Heathrow Airport Holdings want to complete the sale of the three airports by the end of the year. Key staff at Glasgow Airport were given the news at a briefing this afternoon. Spanish-owned BAA later issued a statement through Heathrow Airport Holdings Ltd. “Over recent months Heathrow Airport Holdings group shareholders and management have been considering their strategic position in relation to our three airports, Aberdeen, Glasgow and Southampton. As a result the group is now formally entering a sale process. Whilst there is currently no certainty that a sale will be concluded, the group intends to work towards completing a transaction by the end of the year.” BAA’s sold Edinburgh airport for £807 million in May 2012 to Global Infrastructure Partners. A Glasgow Airport source said: “The feeling here is that BAA need to raise cash to invest in Heathrow, but they are carrying too much debt.” http://www.dailyrecord.co.uk/news/scottish-news/glasgow-aberdeen-airports-put-up-3944332
An article by Bloomberg, put out as part of Heathrow’s attempts to lobby for a new runway, says (I kid you not) that we need a new runway because people have to be able to export Scottish langoustines more easily to Spain and the rest of the world. The claim the Scottish fishermen, who can make plenty of money out of the crustaceans, can’t get the flight connections from Heathrow for their exports. They claim this high value product is vital for the UK economy, however unsustainable it is to air freight shell fish half way around the globe. However, the Scottish langoustine exporters have managed quite adequately to use connections via Schiphol – from Inverness – rather than Heathrow. Heathrow cut many of its flights to regional airports, as more profit can be made from long haul flights elsewhere. The Bloomberg article is largely written for them by Heathrow, so trots out a lot of half truths and spin. Not impressive for the local people who have recently had their peace destroyed by a concentrated flight path trial – one symptom of which was the meeting attended by 1,000 + people in Ascot, leaving Heathrow in no doubt at all about their opposition to a new runway.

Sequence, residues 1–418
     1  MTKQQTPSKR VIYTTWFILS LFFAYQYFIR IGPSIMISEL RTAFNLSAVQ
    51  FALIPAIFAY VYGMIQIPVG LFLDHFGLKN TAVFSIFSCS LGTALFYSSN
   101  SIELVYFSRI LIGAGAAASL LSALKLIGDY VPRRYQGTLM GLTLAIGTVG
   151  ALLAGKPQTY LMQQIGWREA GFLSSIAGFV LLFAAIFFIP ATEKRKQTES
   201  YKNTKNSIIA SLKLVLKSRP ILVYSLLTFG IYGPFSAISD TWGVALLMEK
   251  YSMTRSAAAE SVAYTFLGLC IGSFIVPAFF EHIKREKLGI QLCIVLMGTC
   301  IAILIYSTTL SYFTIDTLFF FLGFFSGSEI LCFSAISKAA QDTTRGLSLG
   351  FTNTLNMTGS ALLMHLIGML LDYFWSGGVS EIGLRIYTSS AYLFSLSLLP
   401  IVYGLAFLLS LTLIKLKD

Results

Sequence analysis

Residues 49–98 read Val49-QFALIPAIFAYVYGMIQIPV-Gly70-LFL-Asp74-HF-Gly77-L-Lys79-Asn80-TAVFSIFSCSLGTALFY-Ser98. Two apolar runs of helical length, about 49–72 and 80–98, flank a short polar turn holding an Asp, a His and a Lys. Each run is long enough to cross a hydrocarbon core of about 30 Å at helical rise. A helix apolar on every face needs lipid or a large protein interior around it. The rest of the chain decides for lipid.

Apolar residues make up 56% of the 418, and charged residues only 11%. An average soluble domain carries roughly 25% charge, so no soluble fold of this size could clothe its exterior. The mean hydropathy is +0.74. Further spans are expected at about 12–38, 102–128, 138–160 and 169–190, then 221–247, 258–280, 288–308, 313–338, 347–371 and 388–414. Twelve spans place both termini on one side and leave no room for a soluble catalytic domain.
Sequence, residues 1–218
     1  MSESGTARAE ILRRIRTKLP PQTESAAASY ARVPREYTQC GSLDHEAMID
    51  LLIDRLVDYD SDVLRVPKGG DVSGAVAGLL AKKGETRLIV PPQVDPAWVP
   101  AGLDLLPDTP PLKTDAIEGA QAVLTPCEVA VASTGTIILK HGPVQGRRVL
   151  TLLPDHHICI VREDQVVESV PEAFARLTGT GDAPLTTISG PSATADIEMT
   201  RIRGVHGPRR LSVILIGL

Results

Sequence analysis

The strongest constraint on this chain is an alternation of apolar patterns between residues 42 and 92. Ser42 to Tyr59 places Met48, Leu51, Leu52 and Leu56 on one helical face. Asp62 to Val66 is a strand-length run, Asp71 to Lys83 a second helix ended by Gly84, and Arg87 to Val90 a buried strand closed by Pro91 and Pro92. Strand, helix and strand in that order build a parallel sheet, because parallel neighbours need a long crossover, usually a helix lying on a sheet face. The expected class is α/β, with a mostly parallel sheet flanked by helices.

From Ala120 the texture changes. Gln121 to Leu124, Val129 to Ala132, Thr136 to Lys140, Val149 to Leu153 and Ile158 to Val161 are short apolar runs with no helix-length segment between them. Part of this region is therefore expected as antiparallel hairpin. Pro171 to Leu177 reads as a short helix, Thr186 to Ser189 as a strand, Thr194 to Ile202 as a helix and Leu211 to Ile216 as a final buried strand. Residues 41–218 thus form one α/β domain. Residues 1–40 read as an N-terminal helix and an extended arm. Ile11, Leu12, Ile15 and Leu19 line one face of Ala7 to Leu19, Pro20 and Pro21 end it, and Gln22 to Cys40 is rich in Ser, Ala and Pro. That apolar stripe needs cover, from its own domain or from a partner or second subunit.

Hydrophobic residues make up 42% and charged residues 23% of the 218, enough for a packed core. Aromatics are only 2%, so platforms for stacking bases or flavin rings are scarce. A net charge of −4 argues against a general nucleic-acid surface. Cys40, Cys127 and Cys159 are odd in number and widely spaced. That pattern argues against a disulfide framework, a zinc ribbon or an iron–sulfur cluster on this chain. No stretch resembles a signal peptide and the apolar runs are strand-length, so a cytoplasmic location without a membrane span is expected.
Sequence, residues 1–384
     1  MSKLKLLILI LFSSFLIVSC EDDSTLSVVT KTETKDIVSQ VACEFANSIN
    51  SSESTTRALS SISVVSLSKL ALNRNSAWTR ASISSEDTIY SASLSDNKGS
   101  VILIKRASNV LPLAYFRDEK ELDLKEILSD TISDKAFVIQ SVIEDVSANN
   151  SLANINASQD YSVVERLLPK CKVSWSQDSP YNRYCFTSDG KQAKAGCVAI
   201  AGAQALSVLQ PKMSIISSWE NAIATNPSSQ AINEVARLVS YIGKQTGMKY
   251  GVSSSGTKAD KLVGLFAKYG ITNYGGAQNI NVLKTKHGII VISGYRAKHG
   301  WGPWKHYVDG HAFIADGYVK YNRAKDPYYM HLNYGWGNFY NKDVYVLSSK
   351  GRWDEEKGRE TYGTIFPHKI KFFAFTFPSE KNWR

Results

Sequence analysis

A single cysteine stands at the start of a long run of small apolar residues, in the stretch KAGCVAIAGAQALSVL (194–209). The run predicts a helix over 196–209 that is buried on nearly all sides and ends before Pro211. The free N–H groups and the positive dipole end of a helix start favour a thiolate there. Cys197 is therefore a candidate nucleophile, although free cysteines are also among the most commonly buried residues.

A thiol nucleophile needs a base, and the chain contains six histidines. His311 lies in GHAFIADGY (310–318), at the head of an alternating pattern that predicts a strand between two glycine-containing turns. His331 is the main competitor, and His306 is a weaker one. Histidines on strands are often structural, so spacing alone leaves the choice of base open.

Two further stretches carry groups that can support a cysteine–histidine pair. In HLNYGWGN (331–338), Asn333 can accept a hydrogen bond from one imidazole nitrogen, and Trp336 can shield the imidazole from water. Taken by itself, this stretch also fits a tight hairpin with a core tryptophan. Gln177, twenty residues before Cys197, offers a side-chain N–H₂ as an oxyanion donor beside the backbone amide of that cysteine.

London’s Runway Crisis Puts Pinch on Langoustine Export
By Kari Lundgren (Bloomberg)
Oct 16, 2014
Restaurants from Spain to Hong Kong clamor for mini-lobsters caught off northern Scotland.
For the fishermen who sell the langoustines live for almost $30 a pound, there’s one problem: London’s overstretched airports don’t offer the flight connections needed to get the crustaceans fresh to the markets where demand is surging.
“It’s a logistical nightmare,” said Ben Murray, managing director at Keltic Seafare, Scotland’s biggest shellfish supplier. “If there was a secure network to the Asias and Dubais of this world from the Highlands it would open up all sorts of options.”
His travails encapsulate the economic stakes for Britain as Prime Minister David Cameron pushes for increased exports and less reliance on the financial industry. Few assets are more important in meeting those goals than a state-of-the-art airport, and London’s Heathrow hub falls short, adding urgency to officials’ expansion plans.
“Low-weight and high-value products like lobster or computer chips have become the modern incarnation of the 17th-century tulip,” said Adie Tomer, a senior researcher at the Brookings Institution Metropolitan Policy Program in Washington, D.C. “There is a lot at stake in attracting that freight and making sure it doesn’t rot on the tarmac.”
The problem for exporters is that Heathrow, Europe’s busiest airport, is already at its limits. Increasing capacity by adding a third runway is controversial because it’s enveloped by urban sprawl. Growing Gatwick, London’s No. 2 airport, could dilute benefits of a single hub that make more routes viable, the Confederation of British Industry says.
Now Keltic Seafare delivers 35,000 kilos (77,162 pounds) of fresh langoustines a year to Spain, Europe’s biggest seafood market, via Amsterdam. There are no flights from the local Inverness airport to Heathrow.
Murray said Asian exports would become possible with the restoration of Heathrow services, which ended in 2008 when the former British Midland pulled out of the Scottish route.
Heathrow has flights to just seven other U.K. airports, down from 12 a decade ago as carriers led by British Airways (IAG) assign scarce operating slots to more profitable inter-continental services. Amsterdam’s Schiphol, by contrast, serves 27 U.K. cities including Exeter in southwestEngland and Durham in the north, as well as Inverness, where KLM passenger planes collect Murray’s cargo.